Levels three through six take even larger leaps into superhero-realm. Level 3 is called “conditional automation” and while it does not require the driver to pay attention at all times, these systems still impose an obligation on the driver to take over control of the car if necessary.[7] Levels four and five are what most probably think of when they hear fully autonomous driving. The fourth level is termed “high automation” and consists of vehicles that can perform all driving functions without human interaction in certain circumstances.[8] The final level five encompasses vehicles that perform all driving functions in all situations.[9]

            These levels are important because they show the state of technology: most automobiles, including Tesla’s, are at level two.[10] Tesla’s Autopilot includes several features, ranging from those known to most drivers – e.g. cruise control – to the more cutting-edge technology which allows the autos to automatically spot and park in parking spots, be summoned from the driver’s phone, and change lanes automatically.[11]

            Tesla automobiles are equipped with eight cameras to allow full visibility around the cars, accompanied by ultrasonic sensors that detect close objects, and computer software that is capable of “vision, sonar and radar processing . . . on wavelengths that go far beyond the human senses.”[12] Such technology allows the automobiles to adjust its speed according to current traffic conditions, stay in its own lane – as well as change lanes automatically – and exit and enter highways.[13] Additionally, these cars allow a driver to exit the car while it parks itself, later being called back to the driver via the phone.[14]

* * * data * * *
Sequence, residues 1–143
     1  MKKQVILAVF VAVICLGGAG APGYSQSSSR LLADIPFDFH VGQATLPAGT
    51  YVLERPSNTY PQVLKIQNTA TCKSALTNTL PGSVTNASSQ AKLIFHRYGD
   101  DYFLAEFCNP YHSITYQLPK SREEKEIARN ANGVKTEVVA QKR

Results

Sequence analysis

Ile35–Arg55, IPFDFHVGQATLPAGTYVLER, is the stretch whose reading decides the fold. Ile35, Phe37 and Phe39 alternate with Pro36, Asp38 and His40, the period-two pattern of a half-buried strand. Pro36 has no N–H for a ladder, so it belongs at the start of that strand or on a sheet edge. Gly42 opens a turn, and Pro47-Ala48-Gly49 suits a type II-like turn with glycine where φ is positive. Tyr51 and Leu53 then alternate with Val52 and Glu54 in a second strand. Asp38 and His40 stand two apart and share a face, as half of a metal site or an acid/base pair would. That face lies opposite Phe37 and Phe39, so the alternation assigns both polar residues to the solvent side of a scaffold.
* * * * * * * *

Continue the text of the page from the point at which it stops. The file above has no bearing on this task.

The company itself explicitly recognizes on its website that the current autopilot features do not constitute full automation; instead, it says that the vehicles have the hardware that will be needed in the future to form fully self-driving autos.[15] Also on its site is the declaration that each driver shall remain “alert and active when using Autopilot, and must be prepared to take action at any time.”[16] This statement again reiterates that technology is still waiting on its first automobile that can fully drive itself without imposing a continuous obligation on the driver.